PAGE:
Italian PM Monti’s labor reform spurs tensions, amendment calls
Italian Prime Minister Mario Monti's labor reform plan, a centrepiece of his efforts to reassure investors, is vulnerable to further changes in parliament and stoked new tensions on Saturday among the coalition that backs his government.
Earlier this month Monti agreed to water down a measure to ease firing rules as the CGIL, Italy's biggest union, threatened a nationwide strike, and under pressure by the Democratic Party (PD), the government's second biggest ally. Now it is former premier Silvio Berlusconi's People of Liberty (PDL) bloc, backed by employers' lobby Confindustria, that is seeking changes. "The labor market law must not further complicate the lives of businesses and the self-employed," Fabrizio Cicchitto, the PDL's chief whip in the lower house, said in a statement.
Labor market reform is posing the first major political challenge for Monti's government of technocrats, at a time when Spanish budget problems have reignited fears that the euro debt crisis could intensify, sucking in much bigger economies including Italy. Tiziano Treu, who is shepherding the bill through the Senate for the PD, accused the PDL of "revanchism" and said that only minor changes to the new labor rules are possible in order to keep the reform "balanced." Labor Minister Elsa Fornero responded by saying that the text of the labor bill was not set in stone, but that failure to pass the overall reform package could spell the end of the five-month-old government that took power to stave off a Greek-style debt default. "No one is saying that the reform is untouchable and must pass the way it was presented," Fornero told reporters in the southern city of Reggio Calabria on Saturday. "Until now we've received criticism for being too incisive or not incisive enough, but on one point we are determined: If this reform does not pass in parliament, we will go home," she said.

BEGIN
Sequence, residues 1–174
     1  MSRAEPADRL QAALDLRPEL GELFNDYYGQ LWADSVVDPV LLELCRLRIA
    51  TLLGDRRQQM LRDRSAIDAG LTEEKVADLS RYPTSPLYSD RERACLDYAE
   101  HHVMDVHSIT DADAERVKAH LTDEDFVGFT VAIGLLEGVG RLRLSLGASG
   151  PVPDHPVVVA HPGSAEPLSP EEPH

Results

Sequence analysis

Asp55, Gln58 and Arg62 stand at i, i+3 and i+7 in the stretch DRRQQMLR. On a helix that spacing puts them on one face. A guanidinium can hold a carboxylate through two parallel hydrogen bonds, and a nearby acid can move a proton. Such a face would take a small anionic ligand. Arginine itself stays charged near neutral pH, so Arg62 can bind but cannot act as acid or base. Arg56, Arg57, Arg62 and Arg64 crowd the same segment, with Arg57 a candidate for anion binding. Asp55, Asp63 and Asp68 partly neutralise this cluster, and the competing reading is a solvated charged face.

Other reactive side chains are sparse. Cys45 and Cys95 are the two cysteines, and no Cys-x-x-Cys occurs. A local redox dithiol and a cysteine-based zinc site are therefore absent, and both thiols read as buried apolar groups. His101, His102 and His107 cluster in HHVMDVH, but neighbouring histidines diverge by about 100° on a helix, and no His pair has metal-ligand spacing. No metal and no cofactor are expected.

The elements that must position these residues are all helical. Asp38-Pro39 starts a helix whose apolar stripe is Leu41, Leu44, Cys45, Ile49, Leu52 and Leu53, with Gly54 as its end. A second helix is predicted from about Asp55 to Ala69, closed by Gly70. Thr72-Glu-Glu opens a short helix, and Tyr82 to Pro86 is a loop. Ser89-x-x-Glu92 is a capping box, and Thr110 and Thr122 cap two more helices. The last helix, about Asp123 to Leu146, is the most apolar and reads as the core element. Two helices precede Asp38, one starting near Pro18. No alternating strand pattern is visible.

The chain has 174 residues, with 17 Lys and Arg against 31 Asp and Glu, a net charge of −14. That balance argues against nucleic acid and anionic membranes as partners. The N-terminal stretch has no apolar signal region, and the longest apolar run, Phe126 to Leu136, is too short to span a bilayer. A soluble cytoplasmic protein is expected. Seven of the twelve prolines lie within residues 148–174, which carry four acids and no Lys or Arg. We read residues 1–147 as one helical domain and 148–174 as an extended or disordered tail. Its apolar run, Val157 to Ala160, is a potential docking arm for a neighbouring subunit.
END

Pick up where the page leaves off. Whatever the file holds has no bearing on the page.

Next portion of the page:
Monti has called a meeting with the leaders of the three blocs that back his government for Tuesday to try to settle differences over the labor reform, and to talk about what can be done to boost growth, the party secretaries said on Saturday. At the end of last year, as Italian 10-year borrowing costs soared above 7 percent, Monti passed a sweeping mix of tax hikes and spending cuts to shore up public finances, and undertook a major overhaul of the pension system, which was largely praised by economists. The government has been striving to impose painful reforms on a debt-burdened economy that has been among the most sluggish in the euro zone for more than a decade, and the labor market changes are being closely watched as a test of Monti's ability to push through far-reaching changes to foster growth. Recession has been deepened by government austerity measures and the parties that back Monti in parliament have become noticeably more critical of the former European Commissioner as local elections, due on May 6-7, approach. So far this year, despair has driven 23 small business owners to commit suicide, the CGIA of Mestre, a small business association near Venice, said on Saturday. Separately, Italian truckers' lobby Trasportounito announced its members would strike for five days starting on May 28, complaining the government was ignoring the industry's needs. Truckers are seeking in part to offset the cost of higher fuel taxes, which are supposed to bring the state 5.7 billion euros in extra revenue this year.